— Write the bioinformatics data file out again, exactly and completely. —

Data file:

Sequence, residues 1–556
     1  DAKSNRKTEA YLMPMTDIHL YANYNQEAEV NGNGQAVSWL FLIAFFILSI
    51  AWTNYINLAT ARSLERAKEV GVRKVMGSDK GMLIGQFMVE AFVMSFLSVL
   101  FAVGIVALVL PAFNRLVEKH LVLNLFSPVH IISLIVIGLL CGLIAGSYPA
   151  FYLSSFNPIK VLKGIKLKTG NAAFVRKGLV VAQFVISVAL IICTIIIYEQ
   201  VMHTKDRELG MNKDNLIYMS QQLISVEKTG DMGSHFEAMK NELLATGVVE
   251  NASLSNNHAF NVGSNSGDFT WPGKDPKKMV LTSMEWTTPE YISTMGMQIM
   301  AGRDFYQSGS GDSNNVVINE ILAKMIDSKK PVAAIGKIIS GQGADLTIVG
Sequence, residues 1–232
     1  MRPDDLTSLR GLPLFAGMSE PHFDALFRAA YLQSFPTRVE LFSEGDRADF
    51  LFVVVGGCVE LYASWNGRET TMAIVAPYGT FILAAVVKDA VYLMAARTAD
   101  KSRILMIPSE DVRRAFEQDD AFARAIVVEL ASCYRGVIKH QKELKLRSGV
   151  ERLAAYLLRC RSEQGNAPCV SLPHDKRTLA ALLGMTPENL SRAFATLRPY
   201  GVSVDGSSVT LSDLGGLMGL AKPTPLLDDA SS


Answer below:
Sequence, residues 1–556
     1  DAKSNRKTEA YLMPMTDIHL YANYNQEAEV NGNGQAVSWL FLIAFFILSI
    51  AWTNYINLAT ARSLERAKEV GVRKVMGSDK GMLIGQFMVE AFVMSFLSVL
   101  FAVGIVALVL PAFNRLVEKH LVLNLFSPVH IISLIVIGLL CGLIAGSYPA
   151  FYLSSFNPIK VLKGIKLKTG NAAFVRKGLV VAQFVISVAL IICTIIIYEQ
   201  VMHTKDRELG MNKDNLIYMS QQLISVEKTG DMGSHFEAMK NELLATGVVE
   251  NASLSNNHAF NVGSNSGDFT WPGKDPKKMV LTSMEWTTPE YISTMGMQIM
   301  AGRDFYQSGS GDSNNVVINE ILAKMIDSKK PVAAIGKIIS GQGADLTIVG
Sequence, residues 1–232
     1  MRPDDLTSLR GLPLFAGMSE PHFDALFRAA YLQSFPTRVE LFSEGDRADF
    51  LFVVVGGCVE LYASWNGRET TMAIVAPYGT FILAAVVKDA VYLMAARTAD
   101  KSRILMIPSE DVRRAFEQDD AFARAIVVEL ASCYRGVIKH QKELKLRSGV
   151  ERLAAYLLRC RSEQGNAPCV SLPHDKRTLA ALLGMTPENL SRAFATLRPY
   201  GVSVDGSSVT LSDLGGLMGL AKPTPLLDDA SS